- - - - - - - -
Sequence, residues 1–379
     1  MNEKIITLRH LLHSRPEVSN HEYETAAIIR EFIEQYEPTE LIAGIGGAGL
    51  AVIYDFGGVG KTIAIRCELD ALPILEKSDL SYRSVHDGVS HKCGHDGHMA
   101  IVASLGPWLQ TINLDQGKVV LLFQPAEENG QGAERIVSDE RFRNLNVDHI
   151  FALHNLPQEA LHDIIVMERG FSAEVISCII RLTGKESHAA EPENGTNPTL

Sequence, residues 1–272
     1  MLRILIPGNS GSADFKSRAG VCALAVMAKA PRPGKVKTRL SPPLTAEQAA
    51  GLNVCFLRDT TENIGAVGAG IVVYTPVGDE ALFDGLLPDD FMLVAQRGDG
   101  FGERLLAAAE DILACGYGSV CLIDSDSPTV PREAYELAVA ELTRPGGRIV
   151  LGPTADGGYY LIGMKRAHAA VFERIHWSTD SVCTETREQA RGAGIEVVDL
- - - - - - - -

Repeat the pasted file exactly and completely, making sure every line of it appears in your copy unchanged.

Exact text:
Sequence, residues 1–379
     1  MNEKIITLRH LLHSRPEVSN HEYETAAIIR EFIEQYEPTE LIAGIGGAGL
    51  AVIYDFGGVG KTIAIRCELD ALPILEKSDL SYRSVHDGVS HKCGHDGHMA
   101  IVASLGPWLQ TINLDQGKVV LLFQPAEENG QGAERIVSDE RFRNLNVDHI
   151  FALHNLPQEA LHDIIVMERG FSAEVISCII RLTGKESHAA EPENGTNPTL

Sequence, residues 1–272
     1  MLRILIPGNS GSADFKSRAG VCALAVMAKA PRPGKVKTRL SPPLTAEQAA
    51  GLNVCFLRDT TENIGAVGAG IVVYTPVGDE ALFDGLLPDD FMLVAQRGDG
   101  FGERLLAAAE DILACGYGSV CLIDSDSPTV PREAYELAVA ELTRPGGRIV
   151  LGPTADGGYY LIGMKRAHAA VFERIHWSTD SVCTETREQA RGAGIEVVDL